Tag Archives: animation

Making Senses of Our Dreams

The Science of Sleep

thescienceofsleepposter

I am a big fan of a French Director, Michel Gondry. The visions he creates such as Chemical Brothers’ Star Guitar and Kylie Minogue’s Come into My World are always astounding. His second feature film, The Science of Sleep, has all his visual tricks that go with dream-and-reality-cross-over theme.

After his father’s death, Stephane (Gael Garcia Bernal), moves to France to find out that he does not get the job he was promised as an Illustrator but as a Typesetter in a calendar publisher. The escape from real-life frustration is in the journey through his dreams. Then he falls in love with a local, Stephanie (Charlotte Gainsbourg), but the girl seems so distant even though she is living next door. While he is trying desperately to win her heart, his delusions become closer and closer to reality.

So what our dreams are made of, just some random intuitive thoughts or emotional fragments of daily life? Boundary between the realms of reality and fantasy is blurred in schizophrenic patients. In this case, Stephane’s mild illusions expose his ingredients of his dreams and mix up with reality quite beautifully.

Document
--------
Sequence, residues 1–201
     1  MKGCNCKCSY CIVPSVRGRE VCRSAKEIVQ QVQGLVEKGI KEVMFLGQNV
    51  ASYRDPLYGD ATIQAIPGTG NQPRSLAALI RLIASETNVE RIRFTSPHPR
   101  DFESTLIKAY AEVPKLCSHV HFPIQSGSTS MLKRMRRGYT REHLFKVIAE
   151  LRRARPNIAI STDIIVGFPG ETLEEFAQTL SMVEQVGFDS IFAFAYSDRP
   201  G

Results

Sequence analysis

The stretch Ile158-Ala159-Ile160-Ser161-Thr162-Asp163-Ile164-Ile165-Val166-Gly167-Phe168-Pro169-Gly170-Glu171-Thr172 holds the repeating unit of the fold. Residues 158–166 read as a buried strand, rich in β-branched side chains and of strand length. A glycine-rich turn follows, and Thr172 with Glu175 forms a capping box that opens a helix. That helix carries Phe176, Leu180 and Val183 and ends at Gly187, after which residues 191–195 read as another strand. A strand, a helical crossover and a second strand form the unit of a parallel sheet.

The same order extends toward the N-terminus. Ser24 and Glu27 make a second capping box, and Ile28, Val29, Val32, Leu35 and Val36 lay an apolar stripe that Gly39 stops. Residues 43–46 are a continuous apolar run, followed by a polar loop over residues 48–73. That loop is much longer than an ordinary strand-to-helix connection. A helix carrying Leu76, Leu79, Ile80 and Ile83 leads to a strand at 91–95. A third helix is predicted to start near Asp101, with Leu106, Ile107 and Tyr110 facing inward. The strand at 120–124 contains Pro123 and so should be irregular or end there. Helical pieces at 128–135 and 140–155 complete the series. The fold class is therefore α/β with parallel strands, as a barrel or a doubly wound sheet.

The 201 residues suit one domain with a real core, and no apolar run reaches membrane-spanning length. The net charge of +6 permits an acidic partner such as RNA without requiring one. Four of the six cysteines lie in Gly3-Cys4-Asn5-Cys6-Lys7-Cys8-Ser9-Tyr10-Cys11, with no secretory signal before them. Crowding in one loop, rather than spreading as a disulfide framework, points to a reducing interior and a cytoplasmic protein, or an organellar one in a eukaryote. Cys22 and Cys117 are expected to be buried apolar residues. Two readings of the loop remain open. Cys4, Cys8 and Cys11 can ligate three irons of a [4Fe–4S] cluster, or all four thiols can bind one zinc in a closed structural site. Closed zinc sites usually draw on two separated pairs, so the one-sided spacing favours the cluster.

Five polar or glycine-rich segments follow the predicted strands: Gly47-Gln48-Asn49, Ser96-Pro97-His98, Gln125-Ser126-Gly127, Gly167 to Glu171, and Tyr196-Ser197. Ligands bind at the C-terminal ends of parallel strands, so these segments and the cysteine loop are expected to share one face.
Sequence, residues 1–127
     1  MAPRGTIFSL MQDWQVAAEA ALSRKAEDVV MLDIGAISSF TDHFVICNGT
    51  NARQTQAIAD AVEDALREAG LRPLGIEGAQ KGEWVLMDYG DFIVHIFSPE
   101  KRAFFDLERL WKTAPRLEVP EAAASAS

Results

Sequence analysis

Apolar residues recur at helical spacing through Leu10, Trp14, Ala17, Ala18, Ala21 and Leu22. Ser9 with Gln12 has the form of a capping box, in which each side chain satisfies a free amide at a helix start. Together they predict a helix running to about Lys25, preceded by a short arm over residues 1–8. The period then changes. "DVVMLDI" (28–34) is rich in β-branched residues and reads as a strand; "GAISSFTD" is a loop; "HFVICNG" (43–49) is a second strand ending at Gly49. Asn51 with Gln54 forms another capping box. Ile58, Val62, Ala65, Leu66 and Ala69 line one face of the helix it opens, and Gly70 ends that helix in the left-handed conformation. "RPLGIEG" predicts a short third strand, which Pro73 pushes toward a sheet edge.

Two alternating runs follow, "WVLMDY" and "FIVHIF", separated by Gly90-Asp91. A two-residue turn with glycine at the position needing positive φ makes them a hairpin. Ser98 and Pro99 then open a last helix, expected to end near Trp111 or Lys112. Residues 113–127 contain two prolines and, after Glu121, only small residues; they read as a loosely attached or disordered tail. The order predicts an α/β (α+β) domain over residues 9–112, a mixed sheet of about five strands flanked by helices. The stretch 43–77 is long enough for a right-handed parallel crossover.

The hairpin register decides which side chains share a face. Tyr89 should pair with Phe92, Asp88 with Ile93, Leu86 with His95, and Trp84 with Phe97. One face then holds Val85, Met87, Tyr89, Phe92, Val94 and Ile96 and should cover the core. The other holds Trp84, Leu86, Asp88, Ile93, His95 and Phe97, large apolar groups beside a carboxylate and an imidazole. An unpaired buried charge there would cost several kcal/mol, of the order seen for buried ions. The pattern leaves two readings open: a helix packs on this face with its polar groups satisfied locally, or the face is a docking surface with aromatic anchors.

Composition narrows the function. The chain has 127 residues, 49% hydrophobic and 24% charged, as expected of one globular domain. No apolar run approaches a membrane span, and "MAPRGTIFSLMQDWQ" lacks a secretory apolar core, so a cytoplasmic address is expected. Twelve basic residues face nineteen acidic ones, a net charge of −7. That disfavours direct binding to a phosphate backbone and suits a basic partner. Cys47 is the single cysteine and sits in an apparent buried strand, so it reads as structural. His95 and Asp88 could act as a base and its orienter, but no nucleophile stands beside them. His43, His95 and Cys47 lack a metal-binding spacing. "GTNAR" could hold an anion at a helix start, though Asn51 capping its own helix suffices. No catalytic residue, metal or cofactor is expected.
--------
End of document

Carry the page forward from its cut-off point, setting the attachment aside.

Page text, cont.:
The vivid dream sequences are made of conventional animation and old-time movie techniques, at least, I do not detect any computer graphics. It is the right medium for a French romantic-comedy—I am not talking about Amelie. The down fall is that I just cannot help comparing them with Terry Gilliam’s work, only more or less Brechtian.

Creep

I got hooked right away by this marvellous flash music video with great music from Radiohead. It is the first animation published on MediaStorm which was stumbled on.

A creative man, full of promise, living a boring life – this is the picture animated by Laith Bahrani, who set his autobiographical tale to Radiohead’s Creep. This music video is full of angst for a soul stuck where it doesn’t belong. See the project at http://mediastorm.com/publication/low-morale-creep

Response to the lovely The Cult of Accountancy. Hail, salariman!